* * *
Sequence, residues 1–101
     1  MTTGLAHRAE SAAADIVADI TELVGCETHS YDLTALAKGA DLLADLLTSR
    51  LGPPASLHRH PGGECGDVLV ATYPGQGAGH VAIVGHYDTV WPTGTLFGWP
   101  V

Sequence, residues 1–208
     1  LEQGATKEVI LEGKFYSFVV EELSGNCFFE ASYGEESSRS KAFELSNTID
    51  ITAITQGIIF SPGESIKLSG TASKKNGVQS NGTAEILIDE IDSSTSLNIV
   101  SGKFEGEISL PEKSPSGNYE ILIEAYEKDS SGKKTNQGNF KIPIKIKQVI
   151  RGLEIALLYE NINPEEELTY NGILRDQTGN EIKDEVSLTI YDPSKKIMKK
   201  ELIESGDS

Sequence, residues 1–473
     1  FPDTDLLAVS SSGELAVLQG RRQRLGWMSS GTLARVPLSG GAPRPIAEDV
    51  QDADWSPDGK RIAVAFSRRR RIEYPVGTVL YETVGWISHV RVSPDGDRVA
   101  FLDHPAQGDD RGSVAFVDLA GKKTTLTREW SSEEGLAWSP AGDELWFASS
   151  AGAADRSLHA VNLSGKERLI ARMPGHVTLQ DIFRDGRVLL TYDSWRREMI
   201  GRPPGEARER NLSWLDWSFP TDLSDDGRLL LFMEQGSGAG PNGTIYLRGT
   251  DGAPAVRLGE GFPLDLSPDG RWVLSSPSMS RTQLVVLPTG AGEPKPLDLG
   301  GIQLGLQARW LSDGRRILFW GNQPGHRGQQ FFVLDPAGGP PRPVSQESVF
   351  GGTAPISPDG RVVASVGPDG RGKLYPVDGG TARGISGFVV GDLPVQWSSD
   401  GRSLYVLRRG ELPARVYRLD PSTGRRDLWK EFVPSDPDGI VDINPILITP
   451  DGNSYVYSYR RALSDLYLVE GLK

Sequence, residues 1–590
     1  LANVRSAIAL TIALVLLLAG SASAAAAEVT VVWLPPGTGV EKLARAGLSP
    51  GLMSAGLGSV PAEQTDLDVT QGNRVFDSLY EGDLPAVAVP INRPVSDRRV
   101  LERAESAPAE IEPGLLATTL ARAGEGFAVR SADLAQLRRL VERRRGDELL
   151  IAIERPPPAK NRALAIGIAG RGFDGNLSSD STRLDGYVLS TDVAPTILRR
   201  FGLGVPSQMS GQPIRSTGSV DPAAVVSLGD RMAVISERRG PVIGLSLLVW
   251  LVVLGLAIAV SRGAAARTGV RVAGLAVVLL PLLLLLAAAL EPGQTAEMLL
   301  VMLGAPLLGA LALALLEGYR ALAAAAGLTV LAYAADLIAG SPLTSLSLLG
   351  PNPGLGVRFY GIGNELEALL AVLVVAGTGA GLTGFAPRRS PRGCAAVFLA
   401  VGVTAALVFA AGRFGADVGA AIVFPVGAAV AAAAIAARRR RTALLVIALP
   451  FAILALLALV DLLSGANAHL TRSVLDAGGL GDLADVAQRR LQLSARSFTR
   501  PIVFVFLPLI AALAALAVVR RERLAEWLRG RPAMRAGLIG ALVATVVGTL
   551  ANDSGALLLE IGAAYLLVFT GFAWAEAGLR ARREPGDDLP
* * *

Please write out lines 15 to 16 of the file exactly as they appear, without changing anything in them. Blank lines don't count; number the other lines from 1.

   151  AGAADRSLHA VNLSGKERLI ARMPGHVTLQ DIFRDGRVLL TYDSWRREMI
   201  GRPPGEARER NLSWLDWSFP TDLSDDGRLL LFMEQGSGAG PNGTIYLRGT